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About the Merc

Polebridge Mercantile - front porch

The Polebridge Mercantile has a long tradition of serving a vast and remote area in the upper reaches of the North Fork of the Flathead River. Originally established by William and Jessie Adair, the “Merc” has been supporting the North Fork community in Northwest Montana for 100 years, give or take. Much as it has from the beginning, the Merc serves as a general store, bakery, base camp and vacation getaway.

Bill Adair had built and operated a store and hotel in what is now Glacier National Park in 1907. After the establishment of the national park in 1910 and the construction of a bridge across the North Fork of the Flathead River soon after, travel patterns changed. So the Adairs moved to the present location in 1912. They built a cabin (the present-day Northern Lights Saloon) as their home on a 160-acre homestead and began construction of a store. The store was completed in 1914. An icehouse and shop were added soon after. A barn, which burned to the ground in the Red Bench fire of 1988, was completed in the early 1920s. Known in the early days simply as Adair’s, the store was later to become the Polebridge Mercantile. From the beginning, it was the social and business hub of the North Fork and a gateway to the new national park across the river. These five buildings make up the W.L. Adair General Mercantile Historic District. The District was placed on the National Register of Historic Places in 1983 as representative of an early Montana mercantile enterprise.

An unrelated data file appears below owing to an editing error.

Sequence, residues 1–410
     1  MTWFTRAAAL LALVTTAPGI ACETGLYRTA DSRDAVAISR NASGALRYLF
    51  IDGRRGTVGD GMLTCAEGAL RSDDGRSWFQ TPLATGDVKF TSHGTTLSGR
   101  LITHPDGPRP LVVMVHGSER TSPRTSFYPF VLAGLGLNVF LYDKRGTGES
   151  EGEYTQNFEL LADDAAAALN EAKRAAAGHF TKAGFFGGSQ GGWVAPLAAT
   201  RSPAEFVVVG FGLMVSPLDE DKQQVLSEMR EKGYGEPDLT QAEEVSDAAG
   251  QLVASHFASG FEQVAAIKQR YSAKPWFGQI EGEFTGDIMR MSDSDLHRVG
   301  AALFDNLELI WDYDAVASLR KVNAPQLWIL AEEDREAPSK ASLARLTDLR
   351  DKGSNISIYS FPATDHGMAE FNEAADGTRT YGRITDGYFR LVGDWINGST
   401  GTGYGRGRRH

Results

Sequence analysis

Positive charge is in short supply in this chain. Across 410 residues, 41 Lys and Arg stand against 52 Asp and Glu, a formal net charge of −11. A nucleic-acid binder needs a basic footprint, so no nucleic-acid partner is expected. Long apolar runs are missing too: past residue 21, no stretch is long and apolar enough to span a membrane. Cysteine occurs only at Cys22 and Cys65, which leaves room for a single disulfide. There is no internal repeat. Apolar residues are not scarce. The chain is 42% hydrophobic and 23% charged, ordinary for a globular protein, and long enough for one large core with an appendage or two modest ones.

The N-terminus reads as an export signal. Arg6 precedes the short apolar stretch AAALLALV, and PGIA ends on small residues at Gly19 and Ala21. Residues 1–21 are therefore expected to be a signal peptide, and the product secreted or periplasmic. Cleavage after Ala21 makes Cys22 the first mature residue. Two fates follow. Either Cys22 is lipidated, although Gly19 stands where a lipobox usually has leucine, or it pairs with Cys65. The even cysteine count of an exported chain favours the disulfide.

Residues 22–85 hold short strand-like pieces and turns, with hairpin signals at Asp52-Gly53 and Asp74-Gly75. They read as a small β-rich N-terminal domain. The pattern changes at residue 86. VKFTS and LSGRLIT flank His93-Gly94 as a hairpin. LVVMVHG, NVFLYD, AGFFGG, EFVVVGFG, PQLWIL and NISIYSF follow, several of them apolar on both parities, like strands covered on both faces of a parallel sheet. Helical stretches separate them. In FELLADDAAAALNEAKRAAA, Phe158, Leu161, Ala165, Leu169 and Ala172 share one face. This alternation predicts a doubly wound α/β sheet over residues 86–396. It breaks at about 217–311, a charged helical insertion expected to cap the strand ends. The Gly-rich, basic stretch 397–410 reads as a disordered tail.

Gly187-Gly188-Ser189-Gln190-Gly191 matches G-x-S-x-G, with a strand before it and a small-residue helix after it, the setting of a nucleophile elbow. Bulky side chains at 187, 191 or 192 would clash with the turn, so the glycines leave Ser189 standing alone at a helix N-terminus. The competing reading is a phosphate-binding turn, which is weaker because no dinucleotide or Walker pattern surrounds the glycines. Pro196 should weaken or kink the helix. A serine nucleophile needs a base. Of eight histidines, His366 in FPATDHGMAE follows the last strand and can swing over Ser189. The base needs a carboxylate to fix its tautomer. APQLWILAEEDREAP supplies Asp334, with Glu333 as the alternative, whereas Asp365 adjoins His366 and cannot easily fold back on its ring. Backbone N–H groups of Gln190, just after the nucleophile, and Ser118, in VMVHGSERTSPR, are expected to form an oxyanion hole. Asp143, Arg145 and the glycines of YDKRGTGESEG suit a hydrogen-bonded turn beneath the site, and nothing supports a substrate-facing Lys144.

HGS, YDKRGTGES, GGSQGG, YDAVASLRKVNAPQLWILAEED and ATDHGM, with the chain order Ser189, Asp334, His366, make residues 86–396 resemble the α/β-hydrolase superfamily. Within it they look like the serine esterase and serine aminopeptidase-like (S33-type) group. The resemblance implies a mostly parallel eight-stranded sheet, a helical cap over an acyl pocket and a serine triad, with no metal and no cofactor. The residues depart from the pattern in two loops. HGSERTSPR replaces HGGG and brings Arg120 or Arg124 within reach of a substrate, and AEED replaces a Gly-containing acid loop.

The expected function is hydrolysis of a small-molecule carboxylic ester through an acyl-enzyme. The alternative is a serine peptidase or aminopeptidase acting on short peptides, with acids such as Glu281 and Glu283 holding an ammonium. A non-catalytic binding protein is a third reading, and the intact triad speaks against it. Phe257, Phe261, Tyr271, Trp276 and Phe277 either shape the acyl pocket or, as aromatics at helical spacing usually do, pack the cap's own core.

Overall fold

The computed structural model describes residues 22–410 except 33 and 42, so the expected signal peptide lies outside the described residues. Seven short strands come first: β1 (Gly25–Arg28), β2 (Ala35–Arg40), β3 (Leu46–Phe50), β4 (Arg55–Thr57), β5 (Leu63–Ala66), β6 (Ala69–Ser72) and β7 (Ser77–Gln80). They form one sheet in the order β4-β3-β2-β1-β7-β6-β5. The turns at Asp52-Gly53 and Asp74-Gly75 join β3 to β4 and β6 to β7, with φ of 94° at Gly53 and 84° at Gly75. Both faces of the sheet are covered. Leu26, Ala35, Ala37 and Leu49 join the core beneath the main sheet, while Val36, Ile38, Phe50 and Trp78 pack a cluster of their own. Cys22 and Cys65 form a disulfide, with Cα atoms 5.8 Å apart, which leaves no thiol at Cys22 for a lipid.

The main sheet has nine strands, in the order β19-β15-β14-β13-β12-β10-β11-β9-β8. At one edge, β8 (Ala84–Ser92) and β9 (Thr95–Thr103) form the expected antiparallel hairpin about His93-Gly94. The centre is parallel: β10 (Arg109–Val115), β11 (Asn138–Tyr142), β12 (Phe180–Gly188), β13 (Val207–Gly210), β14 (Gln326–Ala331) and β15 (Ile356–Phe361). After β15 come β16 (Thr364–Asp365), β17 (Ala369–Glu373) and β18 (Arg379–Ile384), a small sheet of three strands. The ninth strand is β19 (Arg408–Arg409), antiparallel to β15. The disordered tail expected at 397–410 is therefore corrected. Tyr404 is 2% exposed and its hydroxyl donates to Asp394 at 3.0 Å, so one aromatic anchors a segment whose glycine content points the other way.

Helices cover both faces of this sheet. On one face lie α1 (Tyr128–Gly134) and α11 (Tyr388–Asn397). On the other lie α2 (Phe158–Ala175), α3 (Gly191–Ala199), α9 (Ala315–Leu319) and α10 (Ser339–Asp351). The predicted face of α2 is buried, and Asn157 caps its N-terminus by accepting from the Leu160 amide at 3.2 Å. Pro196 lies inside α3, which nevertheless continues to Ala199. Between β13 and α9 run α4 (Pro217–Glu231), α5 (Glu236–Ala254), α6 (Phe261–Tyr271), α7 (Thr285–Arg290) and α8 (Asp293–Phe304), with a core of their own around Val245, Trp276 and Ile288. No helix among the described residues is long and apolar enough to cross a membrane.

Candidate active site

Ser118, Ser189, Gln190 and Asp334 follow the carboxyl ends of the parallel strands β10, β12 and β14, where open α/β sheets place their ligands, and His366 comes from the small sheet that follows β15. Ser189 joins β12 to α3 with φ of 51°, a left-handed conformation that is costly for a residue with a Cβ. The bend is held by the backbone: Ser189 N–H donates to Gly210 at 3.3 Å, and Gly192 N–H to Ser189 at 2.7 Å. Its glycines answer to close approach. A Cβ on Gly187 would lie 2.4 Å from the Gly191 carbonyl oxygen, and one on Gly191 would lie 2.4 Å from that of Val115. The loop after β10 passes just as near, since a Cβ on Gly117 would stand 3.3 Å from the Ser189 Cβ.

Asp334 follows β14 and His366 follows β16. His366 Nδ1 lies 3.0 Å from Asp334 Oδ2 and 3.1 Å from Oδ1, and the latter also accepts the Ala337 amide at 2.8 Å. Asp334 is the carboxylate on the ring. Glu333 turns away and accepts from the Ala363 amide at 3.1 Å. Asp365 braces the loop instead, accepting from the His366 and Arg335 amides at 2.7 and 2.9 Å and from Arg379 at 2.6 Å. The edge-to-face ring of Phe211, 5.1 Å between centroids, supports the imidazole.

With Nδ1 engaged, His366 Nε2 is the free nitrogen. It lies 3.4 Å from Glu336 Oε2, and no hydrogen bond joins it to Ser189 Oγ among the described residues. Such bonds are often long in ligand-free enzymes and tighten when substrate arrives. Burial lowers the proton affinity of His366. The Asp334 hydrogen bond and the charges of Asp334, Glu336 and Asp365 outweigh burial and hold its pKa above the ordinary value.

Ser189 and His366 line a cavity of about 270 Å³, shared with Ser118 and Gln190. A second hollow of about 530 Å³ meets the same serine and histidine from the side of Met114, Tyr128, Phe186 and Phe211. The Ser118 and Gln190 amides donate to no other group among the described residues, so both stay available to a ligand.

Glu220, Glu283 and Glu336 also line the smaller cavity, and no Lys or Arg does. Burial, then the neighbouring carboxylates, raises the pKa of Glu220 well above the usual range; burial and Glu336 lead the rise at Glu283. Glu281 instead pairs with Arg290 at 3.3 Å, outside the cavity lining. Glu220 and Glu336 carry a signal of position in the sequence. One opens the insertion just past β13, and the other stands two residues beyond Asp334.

From Norton Pearl’s Diary, 1913:  “Thurs Feb 13  Had a fine feed at Adairs for supper . . . l had quite a chat all the way along with Bill Adair I like him . . . Fri Feb 14  Didn’t get up very early but had a fine breakfast bot a pair of rubbers and sox and started for Belton. Billy Adairs is some fine place to stop.”  (Pearl was a ranger in Glacier National Park.)

Jessie Adair died in 1930. After a decent interval Bill married Emma Lacher, the widow of a former business partner. Bill and Emma lived at Polebridge until 1943 when they sold the store and property and moved to town. Emma efficiently ran the store and post office and reportedly did most of the work around the place. Bill is remembered as a good fly fisherman, a lover of fast cars and a man who took the occasional drop. An avid gardener who grew king-sized cabbages and transplanted hop vines for summer cooling, he also planted the only elm tree in the North Fork. This same tree shades patrons today. Bill once offered his property to a former park ranger for $1600 and a cow. This may have been a good price for the time but hopefully Bill ultimately sold out for more than that.

The cabin, known as the “mother cabin,” served as the residence for subsequent store owners until the 1950s, when living quarters were built in the store. The mother cabin was then used as a rental cabin until 1976, when it was converted to the Northern Lights Saloon.

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Flannery Coats & Stuart Reiswig, the most recent owners (or as they prefer to be called, “caretakers”) took over management of the Polebridge Mercantile in 2009. Since then, they’ve made a number of improvements (including a significant investment in solar power) while continuing the Merc’s long tradition of serving as one of the focal points of the North Fork experience.